Byron's Babbles

Building New Instincts

Posted in Educational Leadership, Global Leadership, Instinct, Leadership, Leadership Development by Dr. Byron L. Ernest on July 24, 2021

I am reading another great book right now, Great Circle, by Maggie Shipstead.This amazing novel tells the story of a trailblazing female pilot named Marian Graves and the woman, Hadley Baxter, who played her in a film decades later. It spans time and space while sharing the stories of two courageous women. Marian wants to be a pilot in the early 20th century, a time when women couldn’t even vote much less work in paying jobs where they defied gravity and risked crashing into mountains. It is incredible how Shipstead has layered this book. I am about a quarter of the way through it and I found myself Googling characters to just check and make sure these really were fictitious characters. But, that’s the beauty of a novel; we get to know everything about each character (person) as they become alive for us. Unlike real life, where there are always hidden or unrevealed aspects.

In the book, when Marian went up for her first flying lesson, her instructor asked her if she knew what to do if the plane stalled. He was surprised she knew the answer: point the nose down to gain some speed before pulling up. The instructor was impressed she knew this because it goes against instinct to point the nose down in a loss of power – we want to try to get higher. Marian’s instructor, during this part of the conversation said, “Don’t always follow your instinct but build new instincts.” I loved this statement and it is so true. Sometimes, not all the time, we must fight our instincts and even go against our instincts. Granted, however, the question of “should we question our instinct or go with it?” is not that easy.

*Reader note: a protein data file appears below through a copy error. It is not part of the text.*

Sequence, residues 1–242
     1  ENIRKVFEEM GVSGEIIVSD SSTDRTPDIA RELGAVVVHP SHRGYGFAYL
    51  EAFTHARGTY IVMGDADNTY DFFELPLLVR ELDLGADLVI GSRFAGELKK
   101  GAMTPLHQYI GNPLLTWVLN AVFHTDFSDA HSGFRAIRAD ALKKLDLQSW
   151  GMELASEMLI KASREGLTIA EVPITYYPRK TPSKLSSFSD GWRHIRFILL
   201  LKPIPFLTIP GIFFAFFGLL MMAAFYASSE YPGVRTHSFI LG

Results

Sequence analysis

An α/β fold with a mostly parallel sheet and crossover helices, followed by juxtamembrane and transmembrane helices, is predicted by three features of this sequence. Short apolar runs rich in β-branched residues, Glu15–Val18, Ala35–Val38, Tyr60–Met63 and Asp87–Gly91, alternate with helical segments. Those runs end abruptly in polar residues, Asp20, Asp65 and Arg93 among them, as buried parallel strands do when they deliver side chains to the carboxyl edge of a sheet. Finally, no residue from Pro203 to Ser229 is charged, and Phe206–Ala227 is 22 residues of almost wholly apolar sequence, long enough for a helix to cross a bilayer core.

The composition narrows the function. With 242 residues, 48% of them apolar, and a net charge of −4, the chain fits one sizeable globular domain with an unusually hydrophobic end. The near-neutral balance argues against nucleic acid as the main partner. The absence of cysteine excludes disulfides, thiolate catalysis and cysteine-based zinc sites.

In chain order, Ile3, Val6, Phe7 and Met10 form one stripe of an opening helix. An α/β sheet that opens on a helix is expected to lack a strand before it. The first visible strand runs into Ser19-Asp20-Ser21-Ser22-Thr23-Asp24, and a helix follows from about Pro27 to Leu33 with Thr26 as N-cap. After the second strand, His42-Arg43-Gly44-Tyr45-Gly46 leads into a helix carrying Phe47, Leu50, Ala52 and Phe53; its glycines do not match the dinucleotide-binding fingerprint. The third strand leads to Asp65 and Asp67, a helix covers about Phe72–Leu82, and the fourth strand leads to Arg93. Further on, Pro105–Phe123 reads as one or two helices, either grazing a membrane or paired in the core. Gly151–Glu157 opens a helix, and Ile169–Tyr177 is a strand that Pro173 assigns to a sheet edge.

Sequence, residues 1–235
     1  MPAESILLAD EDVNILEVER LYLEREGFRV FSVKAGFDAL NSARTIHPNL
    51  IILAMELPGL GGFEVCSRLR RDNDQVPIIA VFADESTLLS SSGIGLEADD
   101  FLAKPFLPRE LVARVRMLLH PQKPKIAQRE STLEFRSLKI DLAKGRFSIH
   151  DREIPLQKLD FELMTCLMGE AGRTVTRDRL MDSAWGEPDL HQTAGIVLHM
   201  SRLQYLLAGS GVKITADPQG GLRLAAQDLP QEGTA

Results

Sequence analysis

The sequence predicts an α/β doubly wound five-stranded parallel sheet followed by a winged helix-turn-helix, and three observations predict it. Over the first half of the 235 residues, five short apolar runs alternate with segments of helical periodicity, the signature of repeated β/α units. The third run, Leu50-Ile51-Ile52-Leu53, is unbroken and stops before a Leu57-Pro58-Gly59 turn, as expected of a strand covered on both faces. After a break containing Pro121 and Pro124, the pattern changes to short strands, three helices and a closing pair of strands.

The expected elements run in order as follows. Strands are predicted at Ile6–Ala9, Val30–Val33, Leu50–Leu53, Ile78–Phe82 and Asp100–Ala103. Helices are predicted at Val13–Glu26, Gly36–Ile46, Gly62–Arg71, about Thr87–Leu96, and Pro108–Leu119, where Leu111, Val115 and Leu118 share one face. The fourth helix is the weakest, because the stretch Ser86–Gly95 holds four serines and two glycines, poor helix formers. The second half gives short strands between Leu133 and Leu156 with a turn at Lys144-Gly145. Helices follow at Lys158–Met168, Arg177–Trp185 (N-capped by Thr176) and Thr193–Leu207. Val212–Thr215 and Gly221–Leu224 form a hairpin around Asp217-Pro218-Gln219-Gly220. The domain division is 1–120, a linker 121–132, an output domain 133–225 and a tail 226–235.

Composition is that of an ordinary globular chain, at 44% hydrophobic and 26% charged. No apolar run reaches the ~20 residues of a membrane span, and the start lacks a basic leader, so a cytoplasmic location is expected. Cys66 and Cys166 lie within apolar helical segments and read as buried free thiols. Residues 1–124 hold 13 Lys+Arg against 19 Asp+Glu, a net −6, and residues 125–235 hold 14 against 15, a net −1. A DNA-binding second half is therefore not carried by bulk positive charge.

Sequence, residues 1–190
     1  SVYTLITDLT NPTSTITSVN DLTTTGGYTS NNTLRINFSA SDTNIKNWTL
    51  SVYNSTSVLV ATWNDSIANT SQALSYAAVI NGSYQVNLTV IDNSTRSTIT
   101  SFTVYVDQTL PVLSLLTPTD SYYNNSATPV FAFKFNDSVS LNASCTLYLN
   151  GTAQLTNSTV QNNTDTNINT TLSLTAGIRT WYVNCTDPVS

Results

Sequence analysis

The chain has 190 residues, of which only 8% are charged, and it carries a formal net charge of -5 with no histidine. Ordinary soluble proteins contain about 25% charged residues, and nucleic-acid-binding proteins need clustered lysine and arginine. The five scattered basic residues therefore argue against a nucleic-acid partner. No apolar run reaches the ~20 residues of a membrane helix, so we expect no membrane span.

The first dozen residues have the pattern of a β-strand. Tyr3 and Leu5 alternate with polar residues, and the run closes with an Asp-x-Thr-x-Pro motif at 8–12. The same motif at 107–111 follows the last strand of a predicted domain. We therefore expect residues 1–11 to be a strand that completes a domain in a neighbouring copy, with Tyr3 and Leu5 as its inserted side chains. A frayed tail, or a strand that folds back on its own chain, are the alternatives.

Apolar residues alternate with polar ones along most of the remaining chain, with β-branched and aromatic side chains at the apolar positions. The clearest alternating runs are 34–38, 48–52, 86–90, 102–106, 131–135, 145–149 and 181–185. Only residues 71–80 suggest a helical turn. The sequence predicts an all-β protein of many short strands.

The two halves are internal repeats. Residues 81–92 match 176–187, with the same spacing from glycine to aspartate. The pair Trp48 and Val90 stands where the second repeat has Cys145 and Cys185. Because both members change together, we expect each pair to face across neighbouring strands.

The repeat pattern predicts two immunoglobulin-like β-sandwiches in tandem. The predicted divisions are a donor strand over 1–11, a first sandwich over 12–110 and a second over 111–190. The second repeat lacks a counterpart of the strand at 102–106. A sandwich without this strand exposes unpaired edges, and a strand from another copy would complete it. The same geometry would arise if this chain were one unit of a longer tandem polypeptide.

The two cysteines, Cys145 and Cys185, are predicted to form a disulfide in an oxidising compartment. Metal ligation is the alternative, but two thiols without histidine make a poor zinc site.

Our instincts are not really that random. They are based on the brain’s rapid appraisal and comparison of our current situation with memories of previous situations. So when a decision feels intuitive, it might in fact be based on years of experience. Because of our cognitive biases, however, we can be led toward the wrong answer. Many times we tend to be over-optimistic; we prefer simple solutions; we notice and remember information that confirms what we already think; Additionally, we have this uncontrollable urge to continue down paths that we have already been down, are the tradition and safe path, or have already invested time and money in. This could keep us from doing a little trailblazing of our own.

So next time your instinct is sending you in one direction it’s worth assessing the situation and asking, “What are the arguments for the options of building a new instinct?